I like to think of networks as overlapping conceptual nets, like threads interweaving in a garment, perhaps that of a powerful meme-lord emperor. They have nodes which connect various threads together, forming the net that is the structure. Unlike a web, networks do not have a centre and neither do they have a boundary, so imagine a garment that continuously loops in amongst itself, like a mobius-strip snood. Connections in a net constantly grow or wither: threads break and retie as the garment is worn again and again. As (relatively) free agents we rely on, and create, a myriad of networks on any given day. Any system of interacting people, actions, objects or concepts can create a network, just depends on its complexity. The important criteria are the communication, growth and pruning between the connections of the system. A network is living thing, changing with the seasons and a healthy network should be organic, willing to change. In the case of larger institutionalised examples, however, systems calcify based on entrenchment of once-useful-now-redundant channels. Shared belief in the identity of the network from its users force its stagnation. Enter: the sticky network, unable or unwilling to adjust to the needs of its agents.

In our daily operations, any one of us seamlessly slides from system to system, only making contact with the greater network for moments at a time: hopping from twitter to a work meeting to messaging a friend, back to twitter and sharing a GIF of a cat dancing to Christmas carols and back to work ad infinitum. Carried forward by implicit rules that are observed despite seldom being consciously confirmed, these networks weave themselves into the tapestries of our daily lives. And so we weave ourselves back into them, defining ourselves by our most relevant social network index at any given time: banker, artist, writer, driver, mother, daughter…The things we do define us and what we do is defined by the network in which it takes place. It is also interesting to note that often these network indexes are functions, verbs. We like to think of ourselves by what we do, not are, i.e., kind, intelligent, cruel, weak, brave…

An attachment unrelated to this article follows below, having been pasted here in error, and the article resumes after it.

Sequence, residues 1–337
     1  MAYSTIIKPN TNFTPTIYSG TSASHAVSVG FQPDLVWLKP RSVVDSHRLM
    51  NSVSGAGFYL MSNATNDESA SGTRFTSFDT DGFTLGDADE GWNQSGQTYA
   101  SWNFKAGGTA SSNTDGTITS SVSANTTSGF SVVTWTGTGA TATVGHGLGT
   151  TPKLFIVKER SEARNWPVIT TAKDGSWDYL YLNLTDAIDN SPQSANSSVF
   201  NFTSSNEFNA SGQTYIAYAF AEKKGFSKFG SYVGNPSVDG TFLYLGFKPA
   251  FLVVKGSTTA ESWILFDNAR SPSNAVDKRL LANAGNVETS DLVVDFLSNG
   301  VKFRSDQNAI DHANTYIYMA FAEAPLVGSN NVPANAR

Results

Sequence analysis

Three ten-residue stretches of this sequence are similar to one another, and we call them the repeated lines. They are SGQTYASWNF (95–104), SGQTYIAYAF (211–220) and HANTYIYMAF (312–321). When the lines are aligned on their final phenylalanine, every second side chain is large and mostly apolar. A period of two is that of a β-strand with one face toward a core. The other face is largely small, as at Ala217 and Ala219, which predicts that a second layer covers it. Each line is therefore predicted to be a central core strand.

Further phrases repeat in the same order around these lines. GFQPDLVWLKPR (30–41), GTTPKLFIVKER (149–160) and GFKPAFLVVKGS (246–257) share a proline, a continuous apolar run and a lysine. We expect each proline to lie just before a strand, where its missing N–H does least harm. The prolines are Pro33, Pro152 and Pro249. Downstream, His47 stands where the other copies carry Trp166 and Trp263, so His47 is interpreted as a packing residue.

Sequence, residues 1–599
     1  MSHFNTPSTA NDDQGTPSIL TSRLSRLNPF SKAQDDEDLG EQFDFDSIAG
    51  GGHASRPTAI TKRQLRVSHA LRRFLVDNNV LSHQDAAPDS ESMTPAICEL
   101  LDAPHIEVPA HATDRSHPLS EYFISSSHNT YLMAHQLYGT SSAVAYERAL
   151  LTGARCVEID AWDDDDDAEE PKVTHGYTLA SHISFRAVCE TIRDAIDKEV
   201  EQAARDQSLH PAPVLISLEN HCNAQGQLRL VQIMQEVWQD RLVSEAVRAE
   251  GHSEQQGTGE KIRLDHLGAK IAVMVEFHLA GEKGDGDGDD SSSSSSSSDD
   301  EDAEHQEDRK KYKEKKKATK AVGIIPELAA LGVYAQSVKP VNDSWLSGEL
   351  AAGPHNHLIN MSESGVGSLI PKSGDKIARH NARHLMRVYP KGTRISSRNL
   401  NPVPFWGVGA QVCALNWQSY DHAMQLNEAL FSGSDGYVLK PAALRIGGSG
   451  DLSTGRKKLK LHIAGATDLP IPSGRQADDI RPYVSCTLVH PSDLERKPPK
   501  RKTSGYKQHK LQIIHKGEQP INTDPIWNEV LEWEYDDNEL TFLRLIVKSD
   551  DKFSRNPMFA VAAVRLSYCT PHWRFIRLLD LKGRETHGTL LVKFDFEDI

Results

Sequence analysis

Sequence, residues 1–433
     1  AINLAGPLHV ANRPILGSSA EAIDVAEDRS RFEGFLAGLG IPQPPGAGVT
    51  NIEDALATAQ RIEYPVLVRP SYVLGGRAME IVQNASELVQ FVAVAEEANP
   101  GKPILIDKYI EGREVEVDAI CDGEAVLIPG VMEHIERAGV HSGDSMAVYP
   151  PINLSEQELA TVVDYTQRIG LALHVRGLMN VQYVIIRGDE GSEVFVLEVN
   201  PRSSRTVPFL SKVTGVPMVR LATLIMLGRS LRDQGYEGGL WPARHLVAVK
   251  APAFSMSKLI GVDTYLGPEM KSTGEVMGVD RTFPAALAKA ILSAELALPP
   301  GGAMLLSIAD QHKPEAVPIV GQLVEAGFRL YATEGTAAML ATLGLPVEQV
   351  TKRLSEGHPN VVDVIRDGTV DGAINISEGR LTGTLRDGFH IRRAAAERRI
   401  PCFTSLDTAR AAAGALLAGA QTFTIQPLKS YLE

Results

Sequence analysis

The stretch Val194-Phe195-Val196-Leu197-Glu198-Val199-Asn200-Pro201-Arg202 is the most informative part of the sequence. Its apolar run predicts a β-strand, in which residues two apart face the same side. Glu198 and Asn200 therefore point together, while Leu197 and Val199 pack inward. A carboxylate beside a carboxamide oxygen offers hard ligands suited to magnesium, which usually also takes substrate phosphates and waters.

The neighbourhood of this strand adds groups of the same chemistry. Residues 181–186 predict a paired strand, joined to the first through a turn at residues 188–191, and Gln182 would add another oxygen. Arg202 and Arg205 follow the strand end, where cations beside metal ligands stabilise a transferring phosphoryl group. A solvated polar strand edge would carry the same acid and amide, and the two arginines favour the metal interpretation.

The rules just mentioned are the language of a system and where there is language, there is poetry. It is in these unsanctioned connections where many networks do their actual work. To return to the thread analogy, there as the spaces between the twine and thread, the spaces holding microscopic but significant detritus. They are where the gunk gets held. And as more hair and dust and skin and other broken thread is collected in this liminal zone, so a new space is created. And so twitter develops "shitposts", Instagram grows influencers; and children become their own unique people. These liminal spaces, what Hakim Bey calls Temporary Autonomous Zones[1], cannot be manufactured with intent and can rarely be controlled.

 

And now we return to art, the art-world and the sticky space of trying to find the cracks of an industry so wide and sticky it made Institutional Critique an element of the institution it tried to critique. In a sticky world of corporate-housed artworks, mega-galleries and tax-free-art, how do you create a space free of the ‘stick’ of art-world ick? How do you make peace with the part-time-benevolence of the art industry Emperor which gifts their hoard to some and executes others? Perhaps you don’t. Perhaps the only option is to acknowledge that you need the Emperor and that their power is tentative. Artworld monoliths and hulking galleries were never going to be able to serve all of us, with our endlessly complex layers of intersecting networks, functions and desires. To deal with these, we must be nimble, ready to adapt to shifting ground beneath our feet. To tackle the in-between problems, we need in-between groups, collectives and artists, grout between the tiles holding it all together.

 

Which takes us back to the beginning, the shitpost.  Perhaps in the humble shitpost lies answer. It is in the creation of art so inherently devoid of meaning it becomes impossible to institutionalize that perhaps you can find a meta-meaning something worthwhile because it is, not because of what it does. If art can take a bit from the shitpost, be what it is, and not what it does or how it is indexed, perhaps it can outgrow its current sticky weave and create a new one, a weave where you can make mistakes and never be wrong.

 

[1]Bey, Hakim, ‘The Temporary Autonomous Zone: Ontological Anarchy’, Poetic Terrorism (New York: Autonomedia), 1991, pp.106